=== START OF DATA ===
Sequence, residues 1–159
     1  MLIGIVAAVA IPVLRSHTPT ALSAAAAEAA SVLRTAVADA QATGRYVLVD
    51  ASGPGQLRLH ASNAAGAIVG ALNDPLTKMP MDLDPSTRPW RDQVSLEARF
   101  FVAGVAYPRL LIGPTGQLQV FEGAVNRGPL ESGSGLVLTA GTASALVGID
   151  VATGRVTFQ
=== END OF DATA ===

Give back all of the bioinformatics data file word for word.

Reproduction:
Sequence, residues 1–159
     1  MLIGIVAAVA IPVLRSHTPT ALSAAAAEAA SVLRTAVADA QATGRYVLVD
    51  ASGPGQLRLH ASNAAGAIVG ALNDPLTKMP MDLDPSTRPW RDQVSLEARF
   101  FVAGVAYPRL LIGPTGQLQV FEGAVNRGPL ESGSGLVLTA GTASALVGID
   151  VATGRVTFQ